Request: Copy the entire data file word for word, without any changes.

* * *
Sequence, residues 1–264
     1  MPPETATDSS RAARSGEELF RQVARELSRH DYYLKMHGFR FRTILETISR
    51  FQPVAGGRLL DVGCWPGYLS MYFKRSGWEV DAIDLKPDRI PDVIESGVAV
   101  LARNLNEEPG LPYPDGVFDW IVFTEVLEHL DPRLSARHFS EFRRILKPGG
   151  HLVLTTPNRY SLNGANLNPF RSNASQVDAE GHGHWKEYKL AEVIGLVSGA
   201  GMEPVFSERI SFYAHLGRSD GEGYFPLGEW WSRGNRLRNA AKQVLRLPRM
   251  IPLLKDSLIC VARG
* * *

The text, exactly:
Sequence, residues 1–264
     1  MPPETATDSS RAARSGEELF RQVARELSRH DYYLKMHGFR FRTILETISR
    51  FQPVAGGRLL DVGCWPGYLS MYFKRSGWEV DAIDLKPDRI PDVIESGVAV
   101  LARNLNEEPG LPYPDGVFDW IVFTEVLEHL DPRLSARHFS EFRRILKPGG
   151  HLVLTTPNRY SLNGANLNPF RSNASQVDAE GHGHWKEYKL AEVIGLVSGA
   201  GMEPVFSERI SFYAHLGRSD GEGYFPLGEW WSRGNRLRNA AKQVLRLPRM
   251  IPLLKDSLIC VARG